Homework:

The assignments must be completed and handed in on time. Late homework will not be collected. Students are expected to come to class prepared having read text and assigned readings prior to class. It is suggested that students keep a copy of their homework to study from (in case it is not returned before an exam).

  Late Assignments and Make-up Policy:

At the discretion of the professor, late assignments will either not be accepted or will incur a grade penalty unless due to documented serious illness or family emergency.  Professors will make exceptions for religious observance or civic obligation only when the assignment cannot reasonably be completed prior to the due date and the student makes arrangements for late submission with the professor in advance.

 

Professional Responsibilities For This Course

Attendance

 

Participation

In-class contribution is a significant part of your grade and an important part of our shared learning experience. Your active participation helps me to evaluate your overall performance.
You can excel in this area if you come to class on time and contribute to the course by:

 

Assignments

 

Classroom Norms

 

Stern Policies

General Behavior
The School expects that students will conduct themselves with respect and professionalism toward faculty, students, and others present in class and will follow the rules laid down by the instructor for classroom behavior.  Students who fail to do so may be asked to leave the classroom. 

 

Collaboration on Graded Assignments
Students may not work together on graded assignment unless the instructor gives express permission. 

 

Course Evaluations
Course evaluations are important to us and to students who come after you.  Please complete them thoughtfully.

 

Academic Integrity

Integrity is critical to the learning process and to all that we do here at NYU Stern. As members of our community, all students agree to abide by the NYU Stern Student Code of Conduct, which includes a commitment to:

The entire Stern Student Code of Conduct applies to all students enrolled in Stern courses and can be found here:

Undergraduate College: http://www.stern.nyu.edu/uc/codeofconduct
Graduate Programs: http://w4.stern.nyu.edu/studentactivities/involved.cfm?doc_id=102505

To help ensure the integrity of our learning community, prose assignments you submit to Blackboard will be submitted to Turnitin.  Turnitin will compare your submission to a database of prior submissions to Turnitin, current and archived Web pages, periodicals, journals, and publications.  Additionally, your document will become part of the Turnitin database.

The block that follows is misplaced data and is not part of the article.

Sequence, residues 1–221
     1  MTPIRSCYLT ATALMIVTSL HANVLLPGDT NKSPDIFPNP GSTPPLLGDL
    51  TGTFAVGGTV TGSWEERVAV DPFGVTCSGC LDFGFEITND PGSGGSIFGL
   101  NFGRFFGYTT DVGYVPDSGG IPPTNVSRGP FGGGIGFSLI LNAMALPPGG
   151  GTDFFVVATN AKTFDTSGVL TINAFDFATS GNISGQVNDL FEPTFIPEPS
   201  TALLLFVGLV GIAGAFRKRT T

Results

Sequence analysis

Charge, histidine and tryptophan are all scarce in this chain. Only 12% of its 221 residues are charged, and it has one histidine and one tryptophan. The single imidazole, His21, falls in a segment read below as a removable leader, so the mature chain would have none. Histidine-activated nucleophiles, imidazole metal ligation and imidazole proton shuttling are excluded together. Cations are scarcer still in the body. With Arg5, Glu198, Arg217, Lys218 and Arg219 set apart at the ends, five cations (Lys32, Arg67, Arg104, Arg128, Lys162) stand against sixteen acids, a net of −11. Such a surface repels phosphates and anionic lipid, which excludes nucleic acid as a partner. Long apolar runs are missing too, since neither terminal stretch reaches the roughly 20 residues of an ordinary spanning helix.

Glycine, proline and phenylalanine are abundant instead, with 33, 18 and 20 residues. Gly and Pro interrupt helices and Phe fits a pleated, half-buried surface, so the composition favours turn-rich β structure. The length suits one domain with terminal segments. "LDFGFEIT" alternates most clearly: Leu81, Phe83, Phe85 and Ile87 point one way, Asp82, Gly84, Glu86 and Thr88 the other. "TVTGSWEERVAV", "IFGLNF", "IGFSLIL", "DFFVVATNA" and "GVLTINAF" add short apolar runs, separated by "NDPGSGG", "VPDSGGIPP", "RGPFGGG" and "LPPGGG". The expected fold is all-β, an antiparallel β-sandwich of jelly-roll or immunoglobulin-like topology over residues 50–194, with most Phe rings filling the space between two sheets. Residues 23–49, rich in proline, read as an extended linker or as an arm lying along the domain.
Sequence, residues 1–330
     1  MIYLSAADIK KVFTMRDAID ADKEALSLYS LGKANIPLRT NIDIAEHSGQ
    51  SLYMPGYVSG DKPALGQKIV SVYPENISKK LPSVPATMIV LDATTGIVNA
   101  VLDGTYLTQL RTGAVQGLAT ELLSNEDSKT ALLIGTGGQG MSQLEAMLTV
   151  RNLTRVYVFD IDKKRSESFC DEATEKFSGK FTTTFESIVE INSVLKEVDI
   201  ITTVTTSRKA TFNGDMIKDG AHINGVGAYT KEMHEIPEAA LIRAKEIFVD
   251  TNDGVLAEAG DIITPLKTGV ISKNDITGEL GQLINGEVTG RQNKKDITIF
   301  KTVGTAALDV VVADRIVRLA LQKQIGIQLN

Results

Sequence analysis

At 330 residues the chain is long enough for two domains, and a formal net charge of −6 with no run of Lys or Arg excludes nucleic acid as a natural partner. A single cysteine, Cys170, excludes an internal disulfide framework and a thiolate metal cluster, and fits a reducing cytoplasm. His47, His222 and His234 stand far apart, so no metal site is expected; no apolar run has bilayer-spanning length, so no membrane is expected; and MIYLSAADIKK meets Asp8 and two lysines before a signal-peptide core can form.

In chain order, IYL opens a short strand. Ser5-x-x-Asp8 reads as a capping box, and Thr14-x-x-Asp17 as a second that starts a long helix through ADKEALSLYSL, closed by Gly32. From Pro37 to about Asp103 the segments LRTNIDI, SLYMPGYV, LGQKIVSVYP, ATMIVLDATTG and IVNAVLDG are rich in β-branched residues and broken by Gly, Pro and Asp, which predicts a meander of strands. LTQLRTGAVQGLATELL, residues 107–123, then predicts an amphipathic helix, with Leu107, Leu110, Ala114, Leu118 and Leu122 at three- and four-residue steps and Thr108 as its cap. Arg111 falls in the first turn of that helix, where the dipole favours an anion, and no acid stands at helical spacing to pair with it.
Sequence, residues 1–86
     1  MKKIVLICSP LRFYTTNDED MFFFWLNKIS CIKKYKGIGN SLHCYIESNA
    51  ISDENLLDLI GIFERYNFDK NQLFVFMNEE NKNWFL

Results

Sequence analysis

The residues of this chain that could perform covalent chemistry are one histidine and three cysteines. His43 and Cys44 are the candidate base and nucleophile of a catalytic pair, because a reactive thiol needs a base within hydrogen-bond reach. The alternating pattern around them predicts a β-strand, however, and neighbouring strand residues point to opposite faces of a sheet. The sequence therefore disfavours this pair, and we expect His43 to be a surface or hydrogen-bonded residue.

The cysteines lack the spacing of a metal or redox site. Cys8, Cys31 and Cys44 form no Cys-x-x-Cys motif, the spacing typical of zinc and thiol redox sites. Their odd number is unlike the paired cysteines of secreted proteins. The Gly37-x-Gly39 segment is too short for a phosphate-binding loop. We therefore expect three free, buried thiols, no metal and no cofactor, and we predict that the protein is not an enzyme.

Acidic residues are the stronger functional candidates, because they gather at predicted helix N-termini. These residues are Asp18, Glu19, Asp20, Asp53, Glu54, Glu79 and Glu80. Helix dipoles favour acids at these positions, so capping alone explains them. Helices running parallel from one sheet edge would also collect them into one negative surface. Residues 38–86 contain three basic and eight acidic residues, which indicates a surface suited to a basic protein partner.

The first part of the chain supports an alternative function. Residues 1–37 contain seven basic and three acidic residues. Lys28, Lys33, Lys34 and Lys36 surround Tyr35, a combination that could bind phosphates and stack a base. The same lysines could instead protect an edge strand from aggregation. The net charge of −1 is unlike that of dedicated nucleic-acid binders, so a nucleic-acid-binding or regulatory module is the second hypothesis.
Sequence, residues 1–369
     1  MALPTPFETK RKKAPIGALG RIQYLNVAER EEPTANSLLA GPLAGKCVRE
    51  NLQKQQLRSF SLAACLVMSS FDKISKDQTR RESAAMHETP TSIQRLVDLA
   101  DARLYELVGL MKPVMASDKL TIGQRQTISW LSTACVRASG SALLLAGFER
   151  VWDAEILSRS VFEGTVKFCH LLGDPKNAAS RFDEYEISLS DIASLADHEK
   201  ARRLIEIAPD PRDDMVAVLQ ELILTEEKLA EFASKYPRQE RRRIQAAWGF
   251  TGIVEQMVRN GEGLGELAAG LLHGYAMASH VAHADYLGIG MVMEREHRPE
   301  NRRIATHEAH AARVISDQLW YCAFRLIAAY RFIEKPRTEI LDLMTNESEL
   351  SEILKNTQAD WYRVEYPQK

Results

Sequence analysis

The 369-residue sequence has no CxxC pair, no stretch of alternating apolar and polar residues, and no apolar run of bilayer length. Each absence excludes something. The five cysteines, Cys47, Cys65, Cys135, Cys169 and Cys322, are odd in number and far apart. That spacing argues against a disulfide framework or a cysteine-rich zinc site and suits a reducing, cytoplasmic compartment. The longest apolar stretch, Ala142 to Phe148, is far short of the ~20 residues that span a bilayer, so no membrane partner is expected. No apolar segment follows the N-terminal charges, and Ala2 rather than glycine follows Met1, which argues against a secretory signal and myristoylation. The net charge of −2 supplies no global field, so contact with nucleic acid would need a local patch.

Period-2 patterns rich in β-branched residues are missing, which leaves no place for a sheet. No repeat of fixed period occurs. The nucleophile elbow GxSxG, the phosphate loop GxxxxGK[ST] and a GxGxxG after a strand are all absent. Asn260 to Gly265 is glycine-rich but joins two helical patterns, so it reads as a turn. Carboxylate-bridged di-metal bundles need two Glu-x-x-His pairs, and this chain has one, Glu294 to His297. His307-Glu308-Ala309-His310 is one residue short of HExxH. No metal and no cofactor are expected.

Recording of Classes

Your class may be recorded for educational purposes

 

Students with Disabilities

If you have a qualified disability and will require academic accommodation of any kind during this course, you must notify me at the beginning of the course and provide a letter from the Moses Center for Students with Disabilities (CSD, 998-4980, www.nyu.edu/csd) verifying your registration and outlining the accommodations they recommend.  If you will need to take an exam at the CSD, you must submit a completed Exam Accommodations Form to them at least one week prior to the scheduled exam time to be guaranteed accommodation.

 

Tentative Schedule of Topics

 

Topic #

Topic Description

Chapter

Topic 1

Introduction to Statistics

Chapters 1 and 2

Topic 2

Introduction to Probability

Chapter 3

Topic 3

Probability Distributions

Chapters 4 and 5

Topic 4

Linear Combinations of Normal Random Variables (Portfolio Theory)

Section 9 in Chapter 2

Topic 5

Sampling Distributions and the Central Limit Theorem

Chapter 4

Topic 6

Simple Linear Regression

Chapter 10

Topic 7

Forecasting

Notes

 

Tentative Calendar

 

Date

Topic Covered

Assignment

01/29/13

Introduction

Chapters 1 and 2

01/31/13

1

                           

02/01/13

1

 

02/05/13

1

 

02/07/13

1

 

02/08/13

2

Chapter 3

02/12/13

2

 

02/14/13

2

 

02/15/13

2

 

02/19/13

3

Chapter 4

02/21/13

3

 

02/22/13

3

 

02/26/13

3

 

02/28/13

3

 

03/01/13

 3

 

03/05/13

4

Chapter 5

03/07/13

4

 

03/08/13

4

 

03/12/13

4

 

03/14/13

Review

 

03/15/13

Mid-Term Exam

 

03/19/13

No Class

 

03/21/13

No Class

 

03/22/13

No Class

 

03/26/13

5

Chapters 6 and 7

03/28/13

5

 

03/29/13

5

 

04/02/13

5

 

04/04/13

5

 

04/05/13

5

 

04/09/13

6

Chapter 10 and 11

04/11/13

6

 

04/12/13

6

 

04/16/13

6

 

04/18/13

6

 

04/19/13

6

 

04/23/13

6

 

04/25/13

6

 

04/26/13

6

 

04/30/13

6

 

05/02/13

6

 

05/03/13

6

 

05/07/13

7

Handout

05/09/13

7

Handout

05/10/13

Review

 

05/14/13

No Class

 

05/16/13

Final Examination

Time: 3:30pm-4:45pm

 

Re-Grading

The process of assigning grades is intended to be one of unbiased evaluation. Students are encouraged to respect the integrity and authority of the professor’s grading system and are discouraged from pursuing arbitrary challenges to it.

If you believe an inadvertent error has been made in the grading of an individual assignment or in assessing an overall course grade, a request to have the grade re-evaluated may be submitted. You must submit such requests in writing to me within 7 days of receiving the grade, including a brief written statement of why you believe that an error in grading has been made.